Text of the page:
DALL-E — Jason Michael Perry

DALL-E and the world of generated images have captured the attention and imaginations of many. When I first watched the video, humans need not apply; close to 8 years ago, the technologies felt possible but still distant. DALL-E alerts you with a flashing red light to how far we’ve come over a relatively short period.

DALL-E is an AI-based system that generates realistic images from a string of text. What makes it uncanny is its understanding of the text and its ability to apply context and do all of this across different artistic stylings. Using the tool is addictive; if you have not, I suggest you create a free account and give it a whirl.

Our CEO Todd has also turned me on to many other AI tools, like jasper.ai that allow you to generate blog post articles with a simple topic or description. While they may miss the depth and meat many expect in a well-crafted post, it is a shockingly great starter (and better than some content on the Internet).

What I find fascinating in the new AI space are the same copyright issues we struggle to answer around ownership, especially when referencing prior art. For example, one can sample music and use it to make a new song, but we have defined a line that determines when a new song is unique and, in other cases, when the sampling requires the artist to pay royalties to the previous artist.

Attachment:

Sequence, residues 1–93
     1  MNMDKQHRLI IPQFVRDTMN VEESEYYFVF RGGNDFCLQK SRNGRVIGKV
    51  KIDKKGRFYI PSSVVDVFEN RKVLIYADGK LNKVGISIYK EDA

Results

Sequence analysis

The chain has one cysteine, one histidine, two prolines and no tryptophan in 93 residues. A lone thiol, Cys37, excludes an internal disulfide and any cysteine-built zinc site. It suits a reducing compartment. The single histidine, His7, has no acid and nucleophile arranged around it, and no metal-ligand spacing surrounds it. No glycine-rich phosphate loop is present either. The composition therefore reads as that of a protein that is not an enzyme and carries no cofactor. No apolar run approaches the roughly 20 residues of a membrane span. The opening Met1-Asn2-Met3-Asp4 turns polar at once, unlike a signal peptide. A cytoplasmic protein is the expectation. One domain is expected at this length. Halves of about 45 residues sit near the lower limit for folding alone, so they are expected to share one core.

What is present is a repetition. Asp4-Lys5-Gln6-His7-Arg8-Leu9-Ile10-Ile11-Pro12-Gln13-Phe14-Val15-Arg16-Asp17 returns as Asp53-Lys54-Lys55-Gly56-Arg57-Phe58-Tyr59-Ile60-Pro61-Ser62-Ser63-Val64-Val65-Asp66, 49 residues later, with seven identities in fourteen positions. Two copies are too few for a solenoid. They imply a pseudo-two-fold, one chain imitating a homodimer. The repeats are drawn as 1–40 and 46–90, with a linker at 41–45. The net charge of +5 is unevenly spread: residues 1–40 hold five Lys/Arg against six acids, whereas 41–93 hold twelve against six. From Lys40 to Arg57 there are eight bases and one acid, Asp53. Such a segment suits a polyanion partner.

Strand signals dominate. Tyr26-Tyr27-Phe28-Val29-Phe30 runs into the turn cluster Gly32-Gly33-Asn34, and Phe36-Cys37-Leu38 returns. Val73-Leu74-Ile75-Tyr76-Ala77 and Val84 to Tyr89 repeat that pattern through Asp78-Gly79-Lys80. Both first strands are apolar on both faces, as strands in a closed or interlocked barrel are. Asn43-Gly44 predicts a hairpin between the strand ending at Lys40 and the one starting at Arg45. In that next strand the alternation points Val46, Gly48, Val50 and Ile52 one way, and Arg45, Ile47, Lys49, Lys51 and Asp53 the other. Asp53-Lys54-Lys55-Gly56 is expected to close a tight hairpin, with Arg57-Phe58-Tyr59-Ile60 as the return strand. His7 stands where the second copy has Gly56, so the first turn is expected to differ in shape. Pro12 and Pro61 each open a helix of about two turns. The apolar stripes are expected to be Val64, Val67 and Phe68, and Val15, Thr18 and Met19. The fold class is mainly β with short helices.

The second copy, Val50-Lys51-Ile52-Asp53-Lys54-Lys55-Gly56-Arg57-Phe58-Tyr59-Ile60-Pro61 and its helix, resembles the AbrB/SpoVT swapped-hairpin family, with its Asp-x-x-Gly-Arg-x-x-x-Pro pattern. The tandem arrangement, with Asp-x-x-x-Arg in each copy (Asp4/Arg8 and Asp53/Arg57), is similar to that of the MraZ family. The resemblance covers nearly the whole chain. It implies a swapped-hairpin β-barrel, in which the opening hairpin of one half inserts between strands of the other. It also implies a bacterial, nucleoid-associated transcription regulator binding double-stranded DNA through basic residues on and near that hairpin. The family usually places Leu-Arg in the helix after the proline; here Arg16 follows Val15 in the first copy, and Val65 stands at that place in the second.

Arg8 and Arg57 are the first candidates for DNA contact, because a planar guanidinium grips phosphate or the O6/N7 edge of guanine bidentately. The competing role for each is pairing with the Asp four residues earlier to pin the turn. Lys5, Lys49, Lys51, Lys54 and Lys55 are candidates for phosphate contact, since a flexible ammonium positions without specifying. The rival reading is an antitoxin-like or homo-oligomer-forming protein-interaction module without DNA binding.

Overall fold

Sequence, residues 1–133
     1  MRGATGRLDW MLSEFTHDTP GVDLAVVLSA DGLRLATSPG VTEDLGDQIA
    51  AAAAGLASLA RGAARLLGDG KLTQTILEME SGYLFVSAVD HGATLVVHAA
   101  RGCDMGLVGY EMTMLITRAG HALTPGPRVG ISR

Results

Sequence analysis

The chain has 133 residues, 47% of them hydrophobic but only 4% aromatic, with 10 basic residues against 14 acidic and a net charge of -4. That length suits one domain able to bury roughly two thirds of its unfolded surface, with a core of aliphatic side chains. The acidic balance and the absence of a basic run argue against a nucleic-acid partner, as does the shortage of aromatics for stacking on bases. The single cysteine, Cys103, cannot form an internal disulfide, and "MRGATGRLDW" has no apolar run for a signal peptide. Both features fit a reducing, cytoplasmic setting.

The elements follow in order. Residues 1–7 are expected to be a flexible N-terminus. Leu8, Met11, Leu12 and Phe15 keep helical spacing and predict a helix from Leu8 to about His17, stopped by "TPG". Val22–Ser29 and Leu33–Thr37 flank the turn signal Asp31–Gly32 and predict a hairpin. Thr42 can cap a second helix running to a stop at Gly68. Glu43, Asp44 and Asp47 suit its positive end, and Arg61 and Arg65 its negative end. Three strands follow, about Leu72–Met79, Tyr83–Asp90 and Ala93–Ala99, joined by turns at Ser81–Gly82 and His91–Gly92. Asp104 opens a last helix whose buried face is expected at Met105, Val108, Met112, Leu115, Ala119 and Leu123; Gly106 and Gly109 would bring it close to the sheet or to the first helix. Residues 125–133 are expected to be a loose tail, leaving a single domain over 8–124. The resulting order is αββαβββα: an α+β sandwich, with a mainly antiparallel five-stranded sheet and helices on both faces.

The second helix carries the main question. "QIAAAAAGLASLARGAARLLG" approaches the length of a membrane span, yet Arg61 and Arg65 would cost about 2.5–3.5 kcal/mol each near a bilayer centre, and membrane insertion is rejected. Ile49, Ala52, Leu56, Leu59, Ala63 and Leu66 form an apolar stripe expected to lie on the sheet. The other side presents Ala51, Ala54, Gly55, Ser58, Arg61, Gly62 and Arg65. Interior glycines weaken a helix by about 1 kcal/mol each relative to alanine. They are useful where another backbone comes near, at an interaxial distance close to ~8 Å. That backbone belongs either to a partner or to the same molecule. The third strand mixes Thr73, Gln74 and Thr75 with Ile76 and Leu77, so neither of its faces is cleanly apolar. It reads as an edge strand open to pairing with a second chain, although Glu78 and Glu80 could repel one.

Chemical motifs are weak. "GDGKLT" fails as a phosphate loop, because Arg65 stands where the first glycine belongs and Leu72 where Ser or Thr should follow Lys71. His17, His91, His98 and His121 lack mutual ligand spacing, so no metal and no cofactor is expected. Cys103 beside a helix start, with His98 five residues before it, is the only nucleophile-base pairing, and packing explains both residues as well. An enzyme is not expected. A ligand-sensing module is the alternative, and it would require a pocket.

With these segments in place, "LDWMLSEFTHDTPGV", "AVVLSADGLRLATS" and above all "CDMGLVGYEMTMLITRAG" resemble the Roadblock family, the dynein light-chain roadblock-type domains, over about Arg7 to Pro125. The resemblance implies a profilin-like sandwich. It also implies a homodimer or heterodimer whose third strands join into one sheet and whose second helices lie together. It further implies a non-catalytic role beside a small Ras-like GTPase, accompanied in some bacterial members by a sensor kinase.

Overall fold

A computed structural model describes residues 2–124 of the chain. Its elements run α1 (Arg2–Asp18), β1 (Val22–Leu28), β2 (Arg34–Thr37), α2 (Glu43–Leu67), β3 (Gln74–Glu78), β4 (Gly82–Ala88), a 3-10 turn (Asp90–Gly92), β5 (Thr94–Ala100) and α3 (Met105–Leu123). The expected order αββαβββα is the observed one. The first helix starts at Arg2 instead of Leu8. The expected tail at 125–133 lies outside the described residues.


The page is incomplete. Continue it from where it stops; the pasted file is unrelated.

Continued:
In the case of tools like DALL-E, the prior art is exactly how you train a machine to create something new or unique. You give it as many samples of images and artwork as possible and provide it with metadata to describe each piece of work. It allows you to ask it to generate an image of a dog in the style of Van Gough.

Is this a case of a new unique piece of art? To what extent is it based on the prior works that AI used to create this new piece of work? Are the uses of training sources any different than me asking a human to do the same thing? If one profits from the work, who should receive the royalty? The engineer who developed the AI? The company who created the AI? The license holder who typed a string of text to generate this new work of art? Or maybe the AI itself?

Artificial Inteligence